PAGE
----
As a review of these cases demonstrates, there is a split of authority on this issue. However, prior to the effective date of the new Rule 92, it certainly was not clear that evidence presented on the order to show cause hearing, in the absence of consolidation, or by stipulation of the parties, would be admissible upon the trial on the merits, would become a part of the record, and need not be repeated upon the trial on the merits. Practicing attorneys approached the show cause hearing in the context of the three phases of the injunctive proceedings, i.e. its function, as the second phase of the proceedings was, for the sole purpose of maintaining the status quo. In depth evidentiary hearings were the exception, not the rule. Many times temporary injunctions were agreed upon by stipulation of the parties and the order of the trial judge conformed to the stipulation.

    Here an evidentiary hearing was held, and the two witnesses tendered by the plaintiffs were cross-examined to some extent. A single defendant testified. However, at the time of the hearing on the order to show cause, there were some seven (7) defendants who had not as yet been served and who had not entered their appearance, and no appointment of guardian ad litem had been made for two minor defendants.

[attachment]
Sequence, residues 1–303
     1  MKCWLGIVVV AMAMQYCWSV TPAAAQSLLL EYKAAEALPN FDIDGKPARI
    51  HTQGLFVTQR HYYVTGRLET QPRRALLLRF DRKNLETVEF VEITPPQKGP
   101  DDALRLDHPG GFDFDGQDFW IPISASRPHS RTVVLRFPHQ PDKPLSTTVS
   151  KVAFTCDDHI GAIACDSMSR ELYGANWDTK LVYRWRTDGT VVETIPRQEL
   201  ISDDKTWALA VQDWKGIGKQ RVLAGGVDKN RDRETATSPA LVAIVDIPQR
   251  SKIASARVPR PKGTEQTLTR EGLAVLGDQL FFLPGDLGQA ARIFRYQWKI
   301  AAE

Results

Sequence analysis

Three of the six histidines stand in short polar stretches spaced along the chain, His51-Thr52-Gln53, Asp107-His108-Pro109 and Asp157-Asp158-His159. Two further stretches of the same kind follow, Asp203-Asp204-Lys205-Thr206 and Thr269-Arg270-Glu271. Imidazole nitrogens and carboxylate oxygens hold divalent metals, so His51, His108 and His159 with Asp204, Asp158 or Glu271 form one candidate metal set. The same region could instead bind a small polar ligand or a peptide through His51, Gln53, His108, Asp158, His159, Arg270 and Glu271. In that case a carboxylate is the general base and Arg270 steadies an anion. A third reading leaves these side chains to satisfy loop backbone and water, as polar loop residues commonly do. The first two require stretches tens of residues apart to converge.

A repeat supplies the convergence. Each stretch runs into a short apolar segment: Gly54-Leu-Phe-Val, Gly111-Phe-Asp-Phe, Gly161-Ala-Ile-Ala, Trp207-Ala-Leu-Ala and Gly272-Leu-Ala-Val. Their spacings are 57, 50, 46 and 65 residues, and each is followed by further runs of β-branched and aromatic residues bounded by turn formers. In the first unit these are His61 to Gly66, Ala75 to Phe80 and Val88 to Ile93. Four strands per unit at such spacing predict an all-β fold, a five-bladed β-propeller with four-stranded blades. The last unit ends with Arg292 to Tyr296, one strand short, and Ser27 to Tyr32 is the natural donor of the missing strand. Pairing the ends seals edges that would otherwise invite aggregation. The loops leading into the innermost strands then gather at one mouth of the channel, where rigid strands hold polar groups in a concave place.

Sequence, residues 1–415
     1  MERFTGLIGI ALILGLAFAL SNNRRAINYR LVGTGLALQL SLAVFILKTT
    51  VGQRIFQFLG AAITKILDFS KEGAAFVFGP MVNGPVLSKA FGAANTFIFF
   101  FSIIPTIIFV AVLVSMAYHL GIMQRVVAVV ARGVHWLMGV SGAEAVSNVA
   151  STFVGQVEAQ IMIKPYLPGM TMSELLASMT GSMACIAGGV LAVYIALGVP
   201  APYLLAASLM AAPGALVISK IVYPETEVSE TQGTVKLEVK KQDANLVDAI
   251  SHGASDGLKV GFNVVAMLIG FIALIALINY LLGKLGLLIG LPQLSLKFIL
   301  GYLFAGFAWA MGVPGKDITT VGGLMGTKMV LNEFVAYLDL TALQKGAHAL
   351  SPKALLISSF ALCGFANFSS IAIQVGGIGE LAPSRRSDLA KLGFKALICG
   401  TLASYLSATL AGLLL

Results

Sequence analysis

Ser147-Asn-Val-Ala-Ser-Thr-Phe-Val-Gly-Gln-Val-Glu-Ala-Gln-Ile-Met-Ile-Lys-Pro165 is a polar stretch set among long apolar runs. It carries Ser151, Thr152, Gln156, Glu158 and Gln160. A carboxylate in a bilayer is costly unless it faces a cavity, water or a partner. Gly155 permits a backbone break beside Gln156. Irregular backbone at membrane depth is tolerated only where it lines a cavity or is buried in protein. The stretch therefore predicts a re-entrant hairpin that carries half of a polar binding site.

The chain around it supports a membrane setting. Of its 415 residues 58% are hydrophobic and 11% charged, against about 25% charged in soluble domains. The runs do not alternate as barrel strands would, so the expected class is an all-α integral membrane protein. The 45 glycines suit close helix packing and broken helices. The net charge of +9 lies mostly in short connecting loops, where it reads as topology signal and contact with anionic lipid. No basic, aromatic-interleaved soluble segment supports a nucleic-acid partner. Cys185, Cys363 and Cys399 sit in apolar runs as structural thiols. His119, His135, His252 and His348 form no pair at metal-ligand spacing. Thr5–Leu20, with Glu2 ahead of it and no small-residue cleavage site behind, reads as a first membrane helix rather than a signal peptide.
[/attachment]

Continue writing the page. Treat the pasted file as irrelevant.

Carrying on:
Although the organization allegedly known as "People Expressing A Concern for Everyone" had not been served, a "conditional" order finding that it was an appropriate defendant pursuant to the authority of Rule 52.08(b)(1) and (2) was entered continuing to enjoin it under the same terms as the individual defendants.[11]

    No effort was made to introduce into evidence at the trial on the merits any evidence from the hearing on the order to show cause, nor is there any indication from the trial judge that he considered the evidence at the hearing on the order to show cause nor weighed it in deciding whether the temporary injunction should be made permanent. We believe this distinguishes the present case from State ex rel. Shufeldt v. Armijo and its progeny.

    For a history of the statutes providing for disqualification of judge in Missouri one should see Hontz v. State, 574 S.W.2d 522, 523 (Mo.App.1978). The court stated, l.c. 525:

    "The steady course of development of the law with respect to the disqualification of judge assigned to the case has continued along two courses: first, to make technical requirements for such applications less narrow and restrictive, and second, to include requirements with respect to timeliness and dispatch by providing for time limits within which such motions can be filed."